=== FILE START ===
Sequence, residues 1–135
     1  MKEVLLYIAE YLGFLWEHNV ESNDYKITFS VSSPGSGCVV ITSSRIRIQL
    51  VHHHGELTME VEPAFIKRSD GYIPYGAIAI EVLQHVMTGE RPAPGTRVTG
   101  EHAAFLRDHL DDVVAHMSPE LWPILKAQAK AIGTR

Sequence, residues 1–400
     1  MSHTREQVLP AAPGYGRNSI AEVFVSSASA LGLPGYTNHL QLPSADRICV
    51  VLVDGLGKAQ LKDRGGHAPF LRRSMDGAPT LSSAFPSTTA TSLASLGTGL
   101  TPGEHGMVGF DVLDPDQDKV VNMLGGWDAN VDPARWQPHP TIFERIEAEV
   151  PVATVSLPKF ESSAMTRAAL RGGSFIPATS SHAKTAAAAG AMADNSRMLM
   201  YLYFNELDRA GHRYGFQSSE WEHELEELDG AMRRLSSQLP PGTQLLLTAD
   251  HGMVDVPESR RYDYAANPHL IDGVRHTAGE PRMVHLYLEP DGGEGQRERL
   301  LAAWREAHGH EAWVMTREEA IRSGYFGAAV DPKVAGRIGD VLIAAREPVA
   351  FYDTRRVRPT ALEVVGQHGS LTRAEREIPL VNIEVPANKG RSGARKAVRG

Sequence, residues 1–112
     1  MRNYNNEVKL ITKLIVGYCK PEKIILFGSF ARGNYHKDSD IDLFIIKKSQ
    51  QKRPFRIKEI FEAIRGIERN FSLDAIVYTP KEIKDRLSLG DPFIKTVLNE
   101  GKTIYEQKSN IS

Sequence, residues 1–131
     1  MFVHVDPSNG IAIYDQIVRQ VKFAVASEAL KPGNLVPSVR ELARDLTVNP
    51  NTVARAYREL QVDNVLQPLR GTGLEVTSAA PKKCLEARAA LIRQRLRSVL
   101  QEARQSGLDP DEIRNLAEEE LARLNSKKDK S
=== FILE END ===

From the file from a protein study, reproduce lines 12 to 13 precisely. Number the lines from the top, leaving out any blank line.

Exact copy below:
   301  LAAWREAHGH EAWVMTREEA IRSGYFGAAV DPKVAGRIGD VLIAAREPVA
   351  FYDTRRVRPT ALEVVGQHGS LTRAEREIPL VNIEVPANKG RSGARKAVRG